Wendy Sherman thinks her aim in talks with Russian officials starting Monday is to lecture them on the cost of hubris. Instead she’s set to lead the U.S., NATO, and Europe down a path of ruin, warns Scott Ritter.
Global Research – Scott Ritter –
If ever a critical diplomatic negotiation was doomed to fail from the start, the discussions between the U.S. and Russia over Ukraine and Russian security guarantees is it.
The two sides can’t even agree on an agenda.
From the Russian perspective, the situation is clear: “The Russian side came here [to Geneva] with a clear position that contains a number of elements that, to my mind, are understandable and have been so clearly formulated—including at a high level—that deviating from our approaches simply is not possible,” Russian Deputy Foreign Minister Sergei Ryabkov told the press after a pre-meeting dinner on Sunday hosted by U.S. Deputy Secretary of State Wendy Sherman, who is leading the U.S. delegation.
Ryabkov was referring Russian President Vladimir Putin’s demands to U.S. President Joe Biden in early December regarding Russian security guarantees, which were then laid out by Moscow in detail in the form of two draft treaties, one a Russian-U.S. security treaty, the other a security agreement between Russia and NATO.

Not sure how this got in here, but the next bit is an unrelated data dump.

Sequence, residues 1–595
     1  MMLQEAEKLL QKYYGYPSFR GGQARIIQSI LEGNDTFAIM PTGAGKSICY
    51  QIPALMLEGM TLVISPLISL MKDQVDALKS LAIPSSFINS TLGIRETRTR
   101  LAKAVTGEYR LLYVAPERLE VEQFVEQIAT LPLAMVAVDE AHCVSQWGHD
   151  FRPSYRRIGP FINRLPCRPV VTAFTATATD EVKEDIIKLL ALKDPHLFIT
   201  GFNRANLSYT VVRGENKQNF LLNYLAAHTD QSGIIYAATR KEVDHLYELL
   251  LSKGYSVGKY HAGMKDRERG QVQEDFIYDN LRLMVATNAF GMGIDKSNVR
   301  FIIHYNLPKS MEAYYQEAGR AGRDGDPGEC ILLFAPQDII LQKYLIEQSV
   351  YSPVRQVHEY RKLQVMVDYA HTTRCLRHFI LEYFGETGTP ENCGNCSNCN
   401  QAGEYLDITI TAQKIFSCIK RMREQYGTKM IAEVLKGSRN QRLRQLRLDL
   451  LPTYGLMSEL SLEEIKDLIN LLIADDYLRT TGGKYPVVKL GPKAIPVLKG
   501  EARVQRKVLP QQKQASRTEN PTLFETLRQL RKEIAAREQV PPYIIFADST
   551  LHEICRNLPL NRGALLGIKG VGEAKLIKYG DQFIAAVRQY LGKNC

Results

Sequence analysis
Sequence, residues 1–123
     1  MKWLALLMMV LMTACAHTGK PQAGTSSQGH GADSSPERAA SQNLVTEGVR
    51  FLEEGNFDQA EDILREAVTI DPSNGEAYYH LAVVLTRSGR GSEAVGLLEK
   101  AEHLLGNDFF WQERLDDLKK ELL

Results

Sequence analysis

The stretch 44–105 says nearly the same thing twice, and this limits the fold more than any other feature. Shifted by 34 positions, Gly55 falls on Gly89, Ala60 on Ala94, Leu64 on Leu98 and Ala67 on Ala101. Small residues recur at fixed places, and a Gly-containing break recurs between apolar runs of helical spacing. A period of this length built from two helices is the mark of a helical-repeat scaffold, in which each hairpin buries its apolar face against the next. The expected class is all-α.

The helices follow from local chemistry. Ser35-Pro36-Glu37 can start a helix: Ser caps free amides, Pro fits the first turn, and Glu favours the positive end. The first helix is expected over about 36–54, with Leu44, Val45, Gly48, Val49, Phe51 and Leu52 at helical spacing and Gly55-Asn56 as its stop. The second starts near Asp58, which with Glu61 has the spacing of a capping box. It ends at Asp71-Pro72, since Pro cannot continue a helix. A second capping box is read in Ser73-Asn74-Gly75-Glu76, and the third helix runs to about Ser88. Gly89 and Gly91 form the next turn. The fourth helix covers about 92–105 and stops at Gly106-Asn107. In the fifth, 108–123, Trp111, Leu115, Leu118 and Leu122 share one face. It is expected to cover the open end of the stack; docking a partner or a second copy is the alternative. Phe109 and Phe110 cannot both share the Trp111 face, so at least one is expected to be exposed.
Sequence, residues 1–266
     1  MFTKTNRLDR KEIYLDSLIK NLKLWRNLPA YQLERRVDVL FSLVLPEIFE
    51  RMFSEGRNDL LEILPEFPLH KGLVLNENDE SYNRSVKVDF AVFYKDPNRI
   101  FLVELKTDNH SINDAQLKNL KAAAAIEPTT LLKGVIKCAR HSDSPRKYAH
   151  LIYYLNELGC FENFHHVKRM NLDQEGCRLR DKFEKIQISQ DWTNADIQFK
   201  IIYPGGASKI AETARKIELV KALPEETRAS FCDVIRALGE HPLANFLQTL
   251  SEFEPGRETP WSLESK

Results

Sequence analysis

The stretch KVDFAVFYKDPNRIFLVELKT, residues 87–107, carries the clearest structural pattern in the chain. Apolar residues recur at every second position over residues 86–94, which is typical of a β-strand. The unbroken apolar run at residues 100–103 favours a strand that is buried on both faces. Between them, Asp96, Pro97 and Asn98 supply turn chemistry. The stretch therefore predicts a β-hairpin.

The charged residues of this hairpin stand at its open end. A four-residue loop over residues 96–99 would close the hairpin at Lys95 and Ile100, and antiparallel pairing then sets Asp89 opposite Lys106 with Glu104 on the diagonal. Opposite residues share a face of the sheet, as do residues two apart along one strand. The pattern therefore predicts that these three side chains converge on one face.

The latter would bar Ukraine from joining NATO and rule out any eastward expansion by the trans-Atlantic military alliance. At the time, Ryabkov tersely noted that the U.S. should immediately begin to address the proposed drafts with an eye to finalizing something when the two sides meet. Now, with the meeting beginning on Monday, it doesn’t appear as if the U.S. has done any such thing.
“[T]he talks are going to be difficult,” Ryabkov told reporters after the dinner meeting. “They cannot be easy. They will be business-like. I think we won’t waste our time tomorrow.” When asked if Russia was ready to compromise, Ryabkov tersely responded, “The Americans should get ready to reach a compromise.”
the U.S. has been willing to do, it seems, is to remind Russia of so-called “serious consequences” should Russia invade Ukraine, something the U.S. and NATO fear is imminent, given the scope and scale of recent Russian military exercises in the region involving tens of thousands of troops. This threat was made by Biden to Putin on several occasions, including a phone call initiated by Putin last week to help frame the upcoming talks.
Yet on the eve of the Ryabkov-Sherman meeting, U.S. Secretary of State Tony Blinken simply reiterated these threats, declaring that Russia would face “massive consequences” if it invaded Ukraine.
“It’s clear that we’ve offered him two paths forward,” Blinken said, speaking of Putin. “One is through diplomacy and dialogue; the other is through deterrence and massive consequences for Russia if it renews its aggression against Ukraine. And we’re about to test the proposition of which path President Putin wants to take this week.”